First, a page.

Gravity of Sin

 

A remarkable thing about the Bible is the stark honesty with which it describes its heroes. Abraham lies. Moses, David, and Paul commit murder. Peter denies Christ. Rahab was a prostitute. Their histories are stained, yet they are extolled in the “Hall of Faith” in Hebrews 11. I love this because their lives point to God as the real hero. When I see their faith (not their perfection), it gives me hope for myself. They are real, flawed examples of faith, perseverance, and repentance.

David is one of my favorites. A man after God’s heart. The biggest black mark in David’s history—his sin with Bathsheba—is recorded in 2 Samuel 11–12:15, and Psalm 51 is his prayer of repentance. (If you’re unfamiliar with the story, I recommend reading it!)

Psalm 51 can teach us many things about repentance, but I want to focus on something found in verse 4:

“Against You, You only, I have sinned
And done what is evil in Your sight,
So that You are justified when You speak
And blameless when You judge.”

Clearly David had sinned against Bathsheba and against Uriah. And yet he says his sin was against God. Actually, in 2 Samuel 12:9–10, God tells David that his offense was against Him. 

This is a head-scratcher for me, but it’s worth mulling over.

Here are a couple things we can learn:

1.    All sin is primarily a violation of God’s perfect character.

Sin destroys peace with others. When we sin, it is often against others, and we feel the effects in our relationships. But to view our sin as merely a horizontal problem is to miss a significant truth: sin is primarily a vertical problem (between me and God) that requires a vertical solution. When I sin against a close friend, she can forgive me (or not), but it is only God’s forgiveness through Christ that cleanses and renews me. In Psalm 51, David is crying out to God to be made clean, and that is not something Bathsheba could give him. 

Because forgiveness is something God freely offers to us in Christ—a gift to be accepted in faith—this point is actually good news!

2.    At the root of all sin is unbelief—something about God that we are not trusting.

This is poignantly illustrated in God’s words to David through Nathan the prophet:

“Thus says the Lord God of Israel, ‘It is I who anointed you king over Israel and it is I who delivered you from the hand of Saul. I also gave you your master’s house and your master’s wives into your care, and I gave you the house of Israel and Judah; and if that had been too little, I would have added to you many more things like these! Why have you despised the word of the Lord by doing evil in His sight? You have struck down Uriah the Hittite with the sword, have taken his wife to be your wife, and have killed him with the sword of the sons of Ammon.”– 2 Samuel 12:7(b)–9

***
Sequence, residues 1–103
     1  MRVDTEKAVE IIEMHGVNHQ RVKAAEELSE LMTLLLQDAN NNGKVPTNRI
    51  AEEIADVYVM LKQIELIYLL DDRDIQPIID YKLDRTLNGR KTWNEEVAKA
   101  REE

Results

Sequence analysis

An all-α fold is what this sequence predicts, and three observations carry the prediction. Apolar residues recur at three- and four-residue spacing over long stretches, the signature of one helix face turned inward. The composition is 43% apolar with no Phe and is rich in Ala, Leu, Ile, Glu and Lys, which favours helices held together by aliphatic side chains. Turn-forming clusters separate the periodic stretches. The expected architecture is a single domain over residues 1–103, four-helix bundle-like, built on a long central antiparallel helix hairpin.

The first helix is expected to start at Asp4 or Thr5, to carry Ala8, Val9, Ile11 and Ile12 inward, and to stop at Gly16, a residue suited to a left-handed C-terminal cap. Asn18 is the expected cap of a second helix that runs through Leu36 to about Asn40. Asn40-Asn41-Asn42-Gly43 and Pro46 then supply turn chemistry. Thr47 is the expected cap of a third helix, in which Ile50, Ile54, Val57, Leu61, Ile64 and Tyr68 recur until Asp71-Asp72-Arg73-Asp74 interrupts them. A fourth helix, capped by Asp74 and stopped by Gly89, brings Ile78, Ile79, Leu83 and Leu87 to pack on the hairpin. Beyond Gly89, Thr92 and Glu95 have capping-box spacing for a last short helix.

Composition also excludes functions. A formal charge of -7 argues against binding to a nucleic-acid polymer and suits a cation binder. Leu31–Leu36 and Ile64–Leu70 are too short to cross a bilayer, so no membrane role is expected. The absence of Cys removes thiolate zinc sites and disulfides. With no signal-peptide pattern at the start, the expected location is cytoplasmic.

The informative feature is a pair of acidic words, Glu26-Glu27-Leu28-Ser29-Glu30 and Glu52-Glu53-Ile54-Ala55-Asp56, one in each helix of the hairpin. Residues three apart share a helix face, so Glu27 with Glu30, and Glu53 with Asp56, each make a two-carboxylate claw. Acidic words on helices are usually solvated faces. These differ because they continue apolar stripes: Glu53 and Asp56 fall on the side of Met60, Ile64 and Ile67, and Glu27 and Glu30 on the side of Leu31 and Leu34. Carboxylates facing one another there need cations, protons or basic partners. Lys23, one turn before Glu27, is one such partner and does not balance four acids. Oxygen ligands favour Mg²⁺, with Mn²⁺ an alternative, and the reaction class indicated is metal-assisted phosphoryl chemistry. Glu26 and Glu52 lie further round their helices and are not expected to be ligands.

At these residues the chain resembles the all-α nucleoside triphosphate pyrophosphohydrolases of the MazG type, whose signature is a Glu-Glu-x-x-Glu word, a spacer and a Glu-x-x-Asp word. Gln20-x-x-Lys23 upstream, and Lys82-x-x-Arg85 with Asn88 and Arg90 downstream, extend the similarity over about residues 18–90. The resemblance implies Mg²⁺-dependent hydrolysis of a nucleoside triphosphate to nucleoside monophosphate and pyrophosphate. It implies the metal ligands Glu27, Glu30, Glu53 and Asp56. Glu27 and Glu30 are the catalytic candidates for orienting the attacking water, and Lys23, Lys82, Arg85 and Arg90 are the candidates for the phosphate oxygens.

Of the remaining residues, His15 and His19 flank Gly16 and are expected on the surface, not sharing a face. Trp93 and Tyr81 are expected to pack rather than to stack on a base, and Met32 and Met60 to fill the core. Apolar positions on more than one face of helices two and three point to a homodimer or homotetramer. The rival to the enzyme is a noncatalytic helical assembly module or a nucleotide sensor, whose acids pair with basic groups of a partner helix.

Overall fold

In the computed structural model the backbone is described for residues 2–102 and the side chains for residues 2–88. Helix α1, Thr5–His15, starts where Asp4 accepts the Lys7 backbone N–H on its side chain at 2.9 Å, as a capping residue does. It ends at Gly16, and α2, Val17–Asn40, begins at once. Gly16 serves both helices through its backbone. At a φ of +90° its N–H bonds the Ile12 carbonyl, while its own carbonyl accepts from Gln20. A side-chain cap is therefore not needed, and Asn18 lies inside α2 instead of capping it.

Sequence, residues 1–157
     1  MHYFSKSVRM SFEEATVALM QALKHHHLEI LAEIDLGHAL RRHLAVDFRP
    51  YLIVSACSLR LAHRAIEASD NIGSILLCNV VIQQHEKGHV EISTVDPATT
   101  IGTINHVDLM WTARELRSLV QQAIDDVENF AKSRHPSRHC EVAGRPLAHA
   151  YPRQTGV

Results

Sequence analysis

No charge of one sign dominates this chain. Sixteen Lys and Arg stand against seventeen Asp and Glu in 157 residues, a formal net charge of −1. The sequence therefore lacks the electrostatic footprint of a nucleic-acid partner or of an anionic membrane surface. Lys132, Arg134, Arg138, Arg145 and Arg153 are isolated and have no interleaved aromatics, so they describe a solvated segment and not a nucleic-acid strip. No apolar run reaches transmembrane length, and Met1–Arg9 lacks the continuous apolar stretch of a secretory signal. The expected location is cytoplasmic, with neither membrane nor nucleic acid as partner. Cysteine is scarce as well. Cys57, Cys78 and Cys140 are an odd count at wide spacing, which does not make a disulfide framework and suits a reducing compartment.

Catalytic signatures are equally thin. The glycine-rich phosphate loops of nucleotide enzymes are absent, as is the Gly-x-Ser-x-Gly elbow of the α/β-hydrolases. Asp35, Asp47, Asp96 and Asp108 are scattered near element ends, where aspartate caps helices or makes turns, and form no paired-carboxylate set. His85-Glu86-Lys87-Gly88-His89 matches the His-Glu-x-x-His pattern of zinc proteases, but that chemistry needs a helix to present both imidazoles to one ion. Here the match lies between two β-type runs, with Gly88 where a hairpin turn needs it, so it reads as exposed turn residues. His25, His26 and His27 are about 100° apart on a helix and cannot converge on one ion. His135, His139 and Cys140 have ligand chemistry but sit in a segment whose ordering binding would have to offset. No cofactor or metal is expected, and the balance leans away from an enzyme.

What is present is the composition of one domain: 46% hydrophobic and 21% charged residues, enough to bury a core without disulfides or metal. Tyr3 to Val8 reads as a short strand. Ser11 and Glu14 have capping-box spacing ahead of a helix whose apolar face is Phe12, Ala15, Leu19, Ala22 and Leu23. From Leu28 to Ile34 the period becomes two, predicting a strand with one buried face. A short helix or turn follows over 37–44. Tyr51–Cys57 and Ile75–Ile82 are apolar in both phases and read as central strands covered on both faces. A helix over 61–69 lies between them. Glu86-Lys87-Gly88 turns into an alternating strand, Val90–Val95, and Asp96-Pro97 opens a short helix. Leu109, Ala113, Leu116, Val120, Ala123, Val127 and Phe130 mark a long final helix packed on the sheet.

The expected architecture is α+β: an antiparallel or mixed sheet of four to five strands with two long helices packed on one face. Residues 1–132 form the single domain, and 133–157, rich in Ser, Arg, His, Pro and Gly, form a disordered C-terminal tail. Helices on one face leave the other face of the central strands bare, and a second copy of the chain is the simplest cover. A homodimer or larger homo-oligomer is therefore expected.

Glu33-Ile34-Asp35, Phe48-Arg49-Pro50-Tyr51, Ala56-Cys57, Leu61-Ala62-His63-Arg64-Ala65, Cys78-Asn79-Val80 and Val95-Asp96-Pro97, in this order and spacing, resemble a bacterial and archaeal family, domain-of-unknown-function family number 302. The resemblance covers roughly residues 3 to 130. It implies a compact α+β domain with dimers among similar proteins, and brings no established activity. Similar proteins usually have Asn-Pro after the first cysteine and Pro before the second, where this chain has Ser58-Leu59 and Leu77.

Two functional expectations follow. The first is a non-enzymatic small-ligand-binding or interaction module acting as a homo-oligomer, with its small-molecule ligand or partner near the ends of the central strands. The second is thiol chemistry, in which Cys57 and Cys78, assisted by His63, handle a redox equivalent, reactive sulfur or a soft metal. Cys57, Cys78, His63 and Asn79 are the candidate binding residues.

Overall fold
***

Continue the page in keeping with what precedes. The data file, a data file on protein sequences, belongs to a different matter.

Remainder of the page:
God essentially says to David, “I have given you so many good things. Was it not enough?” Those words pierce my heart because they expose the unbelief buried beneath my own sinful choices. God is so good, has given me so much (if He had only ever given me Jesus, it would be more than enough, but no—His blessings don’t stop there). And yet when I choose to meet my needs my own way, I am essentially telling God that I don’t believe He really wants to give me good things. That I don’t really believe He is enough. 

I am only clean because You promise me I’m clean.
— Smalltown Poets

These are important things to keep in mind when we sin. These are freeing truths because they direct our gaze vertically, pointing us back to the God who loves us and promises that, in Christ, He has made us clean.

Lord Jesus, thank You for your blood, which is the only thing that can cleanse us of sin. Give us hearts that, like David’s, acknowledge our sin and, in faith, look to You as the only remedy. 

Erin

Scripture quotations taken from the New American Standard Bible (NASB), Copyright © 1960, 1962, 1963, 1968, 1971, 1972, 1973, 1975, 1977, 1995 by The Lockman Foundation